Dog Day Afternoon (1975) with director Sidney Lumet
Comments on the Film
On the opening credits
"These opening shots are simply to set an atmosphere of a dog day afternoon – a hot, miserable day when nothing is happening in New York – and that of course singing is the wonderful Elton John. When I shot this footage I stole all the shooting, none of it is staged, and the picture was edited by the magnificent Dede Allen, one of the great editors we've had in the movies. In order to bridge this footage for us, which was silent when I shot it, Dede put the Elton John record in just to give us a sound for it. I decided finally that there would not be a score for the movie, there is no music in it and I'll talk about the reason for that later, but when we took the music out we had become so used to it from hearing it in the cutting room I missed it! So we put it back in and decided to motivate it by simply making it part of what was coming through the radio of our leading characters, whom we're about to meet, seated in front of the bank."
"About the third day of rehearsal I said, 'Look, no characterisations here, use yourselves. In fact, we're not even going to dress you, I want you to use your own clothes as costumes, and let's just use our own real names so we develop the habit of dealing with each other as we really are.' At that point, one of the actors, I don't remember which one, said 'What about language? Can we use our own language, our own words?' Now, Frank Pierson had written a magnificent script that I accepted, Al accepted, and we were all thrilled to be working on, and in general I don't like actors to improvise. They are not going to come up with something that's better than a really talented writer who has done months of work on something. So with Frank present at rehearsal, the solution I came up with was as follows: if they wanted to improvise a scene, to find out the truth of it, they'd be perfectly welcome to do that, but we started to record the rehearsals. At night, Frank and I would go through the transcripts – we'd have secretaries type them up for us quickly – and we would compose the script in large part out of these improvisations. Frank was a willing participant in this, he saw the reason for it, and it's to his everlasting credit, and it shows you his healthy ego, that he didn't believe every word of it had to be his. Structurally, we never deviated from what he wrote, we didn't mess around with his script, and all we did was allow the actors some freedom. Even if they began as improvisations, by the time we got to shooting a complete text existed and we were working off a fixed script based on many improvisations."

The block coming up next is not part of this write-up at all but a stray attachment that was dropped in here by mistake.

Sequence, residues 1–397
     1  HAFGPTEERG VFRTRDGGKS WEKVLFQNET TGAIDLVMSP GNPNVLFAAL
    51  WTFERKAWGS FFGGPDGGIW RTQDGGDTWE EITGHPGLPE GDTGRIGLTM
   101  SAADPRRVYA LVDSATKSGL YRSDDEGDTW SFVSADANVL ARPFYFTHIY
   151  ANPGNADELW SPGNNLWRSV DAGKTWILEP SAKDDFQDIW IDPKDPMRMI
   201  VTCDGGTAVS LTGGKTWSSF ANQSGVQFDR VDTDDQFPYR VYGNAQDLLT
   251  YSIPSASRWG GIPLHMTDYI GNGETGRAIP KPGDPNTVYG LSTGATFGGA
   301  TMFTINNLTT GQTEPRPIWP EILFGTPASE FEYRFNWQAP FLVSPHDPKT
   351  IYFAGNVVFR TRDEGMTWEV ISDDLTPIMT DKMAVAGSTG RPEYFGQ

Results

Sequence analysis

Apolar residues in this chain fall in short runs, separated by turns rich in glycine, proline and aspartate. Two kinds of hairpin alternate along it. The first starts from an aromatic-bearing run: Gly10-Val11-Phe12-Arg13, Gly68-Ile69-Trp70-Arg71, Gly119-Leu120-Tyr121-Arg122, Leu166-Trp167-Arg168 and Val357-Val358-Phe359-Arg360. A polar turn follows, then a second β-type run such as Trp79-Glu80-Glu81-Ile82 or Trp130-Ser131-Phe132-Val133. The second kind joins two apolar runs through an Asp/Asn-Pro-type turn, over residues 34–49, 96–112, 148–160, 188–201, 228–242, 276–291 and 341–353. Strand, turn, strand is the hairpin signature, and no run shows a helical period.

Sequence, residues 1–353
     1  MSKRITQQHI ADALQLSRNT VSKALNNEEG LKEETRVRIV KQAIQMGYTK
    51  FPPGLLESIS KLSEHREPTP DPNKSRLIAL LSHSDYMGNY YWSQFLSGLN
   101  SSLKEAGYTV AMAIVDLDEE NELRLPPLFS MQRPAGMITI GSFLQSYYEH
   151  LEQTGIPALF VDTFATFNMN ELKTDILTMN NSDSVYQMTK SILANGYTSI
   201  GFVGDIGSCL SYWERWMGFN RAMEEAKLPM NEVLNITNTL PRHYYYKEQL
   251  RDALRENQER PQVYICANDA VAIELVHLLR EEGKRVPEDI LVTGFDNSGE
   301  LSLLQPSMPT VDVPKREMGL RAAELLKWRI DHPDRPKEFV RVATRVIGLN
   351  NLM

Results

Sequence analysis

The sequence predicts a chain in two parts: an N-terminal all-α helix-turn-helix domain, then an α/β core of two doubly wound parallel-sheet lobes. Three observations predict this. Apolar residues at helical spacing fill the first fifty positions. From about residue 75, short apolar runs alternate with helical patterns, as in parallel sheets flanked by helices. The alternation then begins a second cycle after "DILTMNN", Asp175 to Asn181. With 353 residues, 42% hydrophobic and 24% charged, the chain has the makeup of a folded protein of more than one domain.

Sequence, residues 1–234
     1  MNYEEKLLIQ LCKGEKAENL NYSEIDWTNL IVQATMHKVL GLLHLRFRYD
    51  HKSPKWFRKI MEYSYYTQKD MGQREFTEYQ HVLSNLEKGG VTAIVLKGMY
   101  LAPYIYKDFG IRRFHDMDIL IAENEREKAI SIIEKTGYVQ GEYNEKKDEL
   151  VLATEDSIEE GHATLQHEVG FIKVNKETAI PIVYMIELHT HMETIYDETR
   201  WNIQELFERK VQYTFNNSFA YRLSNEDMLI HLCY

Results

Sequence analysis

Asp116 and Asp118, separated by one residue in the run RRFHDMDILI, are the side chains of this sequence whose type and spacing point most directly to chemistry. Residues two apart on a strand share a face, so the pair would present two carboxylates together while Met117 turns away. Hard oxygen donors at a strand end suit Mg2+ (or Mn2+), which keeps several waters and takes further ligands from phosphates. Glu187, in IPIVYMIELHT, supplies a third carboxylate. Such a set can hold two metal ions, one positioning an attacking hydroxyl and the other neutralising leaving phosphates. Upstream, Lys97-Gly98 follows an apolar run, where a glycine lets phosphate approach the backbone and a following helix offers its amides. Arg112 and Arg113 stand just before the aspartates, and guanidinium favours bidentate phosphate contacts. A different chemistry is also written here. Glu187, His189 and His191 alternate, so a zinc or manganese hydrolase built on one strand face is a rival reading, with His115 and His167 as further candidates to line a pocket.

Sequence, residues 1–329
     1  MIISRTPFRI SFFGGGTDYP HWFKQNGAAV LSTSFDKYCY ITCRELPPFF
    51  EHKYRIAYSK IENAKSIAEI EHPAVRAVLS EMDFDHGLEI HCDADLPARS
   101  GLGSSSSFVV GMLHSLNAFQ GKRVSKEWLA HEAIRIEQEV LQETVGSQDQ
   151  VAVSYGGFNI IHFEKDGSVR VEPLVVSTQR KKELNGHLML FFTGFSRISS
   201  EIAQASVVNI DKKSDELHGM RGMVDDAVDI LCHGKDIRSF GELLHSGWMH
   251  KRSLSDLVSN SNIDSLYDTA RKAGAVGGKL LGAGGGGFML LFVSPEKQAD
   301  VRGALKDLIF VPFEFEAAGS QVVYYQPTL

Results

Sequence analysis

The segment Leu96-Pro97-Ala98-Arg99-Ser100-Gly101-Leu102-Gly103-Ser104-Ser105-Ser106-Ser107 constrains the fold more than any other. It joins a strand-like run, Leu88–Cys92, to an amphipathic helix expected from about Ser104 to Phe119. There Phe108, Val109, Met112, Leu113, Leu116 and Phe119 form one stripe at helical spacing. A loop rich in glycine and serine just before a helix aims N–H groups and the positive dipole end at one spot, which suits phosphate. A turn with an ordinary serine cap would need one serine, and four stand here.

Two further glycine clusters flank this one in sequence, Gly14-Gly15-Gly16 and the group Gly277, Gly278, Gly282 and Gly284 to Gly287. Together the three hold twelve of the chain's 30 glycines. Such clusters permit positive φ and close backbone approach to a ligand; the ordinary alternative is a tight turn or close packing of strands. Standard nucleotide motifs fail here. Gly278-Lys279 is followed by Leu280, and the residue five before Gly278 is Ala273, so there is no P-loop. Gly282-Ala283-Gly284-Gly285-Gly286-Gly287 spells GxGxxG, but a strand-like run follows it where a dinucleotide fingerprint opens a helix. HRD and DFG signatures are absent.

On Charles Durning
"Here of course is the wonderful Charles Durning, a magnificent actor. It was the first time we had worked together but he was really quite amazing. I did something with Charlie on this that I never would ordinarily have done. Believe it or not, Charles was actually doing another picture in California at the same time that he was shooting this, and there is only one other director I would have trusted to be as efficient as I was in keeping to schedule. That other picture was being directed by Robert Wise. I spoke with Bob and we trusted each other, so when Bob told me 'Charlie will be free on Wednesday so you can have him on Thursday' – and vice versa – we trusted each other and Charlie was commuting between Los Angeles and New York, playing one part for Bob and this part for me. We were both lucky."
"We're coming up on Attica. Here comes a scene which I'm thrilled to say has become sort of a classic in movies. Totally improvised, it's Al going bananas. He lost all sense of text and, as happened with the real character, got very excited by the crowd's reaction to him. That started to feed him and he started going crazy with it, and the crowd started joining in and they were feeding each other. It became totally hysterical. Attica, for those of you too young to remember, had been an infamous moment in New York correctional institute history. A prison riot broke out, and after many days of tense negotiation, Governor Rockefeller ordered National Guard troops in, and I think 19 prisoners were shot and killed, with no officers injured. One of the horrors was the fact that I think almost all of the prisoners who died had been shot in the back, and it became infamous, the Attica prison riots, a great black mark on the part of correctional officers. Al is just sailing now, and this shot I love more than anything, a camera in a helicopter shooting a helicopter over a scene."
On Al Pacino
"One of the most interesting things, and one of the reasons I'll always admire and love Pacino, is the risk he was taking. He was now a big star. Godfather 1 and 2 had happened, and after those performances – the macho, controlled, ice-cold person in those movies – to suddenly play a homosexual in love with another man, and for whom this whole wild experience is something that's so alien to most of our lives, to take that risk was enormous. He was nervous at the beginning of it and a great many actors find some source of security in makeup, it's as if they can hide behind something. In the beginning, Al – being nervous and being aware of the risk he was taking – was quite worried, so he thought maybe he could use a moustache. On the first day of shooting he turned up with a moustache, and I understood what was bothering him. I wasn't crazy about it but if he got some comfort and solace from it, and if it released him emotionally, that was fine with me because there was a bigger purpose at work here. He looked at himself at rushes the next day, and he looked at me and said, 'It's wrong, isn't it?' and I said, 'It's wrong, Al,' so he got rid of it and we re-shot the first day's work. But that's so much a part of his devotion to his work, he is a consummate artist."
"My favourite line in the movie. If you notice that stunned look on Al's face, it's because John was not supposed to respond to that at all. In the script, when he's asked if there's any place he wanted to go, he wasn't supposed to say anything but on the take John said 'Wyoming.' I almost ruined the take because I started to laugh so hard and I didn't want my laughter to get on the soundtrack. It was a brilliant, brilliant adlib."